Domains and subdomains overlap even more when it comes to infants. For example, when a baby is fussing in her crib and then hears her dad’s voice in another room, she will most likely quiet a bit because she remembers his voice, associates his voice with a soothing and pleasant experience, and anticipates his coming to play with her (cognitive, i.e., memory+receptive language+the social-emotional skill of relating to family).
But if a stranger appeared instead, the baby would probably stop smiling for a bit and just stare (cognitive, i.e., memory for what is familiar and what is not),+the social-emotional skill of interest in others, but also wariness about the unfamiliar.
In contrast, if her dad walks in she will likely smile in recognition (cognitive, i.e., memory + the social-emotional skill of relating to family). Next, she will probably coo or make other sounds (expressive language + memory [for prior sound-play]+social-emotional skills).
She will surely wriggle, reach out her arms, and if he picks her up she’ll try to grab his glasses or his hair (gross motor+social-emotional+fine motor). He’ll wince and gently say “No” as he tries to extract his glasses and hair from her fist. She’ll notice that and with time will learn that people aren’t too crazy about having their hair and glasses pulled, and so she’ll eventually stop doing it (memory+ social-emotional+behavior).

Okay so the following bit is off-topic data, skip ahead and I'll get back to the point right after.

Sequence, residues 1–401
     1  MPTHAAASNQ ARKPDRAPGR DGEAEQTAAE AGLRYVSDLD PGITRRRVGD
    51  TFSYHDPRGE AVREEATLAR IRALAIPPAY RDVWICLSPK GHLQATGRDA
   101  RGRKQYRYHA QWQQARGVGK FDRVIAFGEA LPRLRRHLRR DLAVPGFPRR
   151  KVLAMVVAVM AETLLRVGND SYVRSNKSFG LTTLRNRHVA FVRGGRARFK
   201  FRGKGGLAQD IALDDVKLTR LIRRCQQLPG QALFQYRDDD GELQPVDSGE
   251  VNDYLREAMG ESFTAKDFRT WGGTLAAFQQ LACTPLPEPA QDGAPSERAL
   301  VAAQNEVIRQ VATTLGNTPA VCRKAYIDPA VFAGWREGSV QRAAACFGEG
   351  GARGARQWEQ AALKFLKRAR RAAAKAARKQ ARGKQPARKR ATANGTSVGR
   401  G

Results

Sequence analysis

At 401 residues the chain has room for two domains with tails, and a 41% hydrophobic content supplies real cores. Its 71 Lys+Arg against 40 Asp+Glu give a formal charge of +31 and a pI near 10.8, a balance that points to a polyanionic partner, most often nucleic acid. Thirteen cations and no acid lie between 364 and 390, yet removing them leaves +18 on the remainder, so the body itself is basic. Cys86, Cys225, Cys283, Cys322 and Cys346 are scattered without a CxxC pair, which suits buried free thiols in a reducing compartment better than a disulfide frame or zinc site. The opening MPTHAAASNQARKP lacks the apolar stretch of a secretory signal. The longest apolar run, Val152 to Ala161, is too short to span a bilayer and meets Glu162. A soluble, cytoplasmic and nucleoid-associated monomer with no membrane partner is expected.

Hopefully, her dad will talk to her and ask her about her day (even though she can’t understand his words quite yet) and he’ll also imitate the sounds she is making in response. She’ll repeat her own sounds after her dad imitates her and she’ll smile at this game (memory+receptive language+expressive language+social-emotional).
Then, he’ll make a new sound for her such as “da-da-da-da” and he’ll smile and point to himself. She’ll start to associate that sound with him (memory+social-emotional).
Day after day, he’ll keep playing enthusiastically with that sound and offer her ones that sound more like “da-da-da-DY”. She’ll imitate that with excitement. Her dad will get excited too. As they repeat this game over time, she’ll eventually say, “Daddy!” when he is around and encouraging her (expressive language+receptive language+memory+social-emotional) and she’ll receive even more enthusiastic responses from her dad. So his excitement at her efforts helps her learn that some sounds have unique meaning that gets a unique and positive response.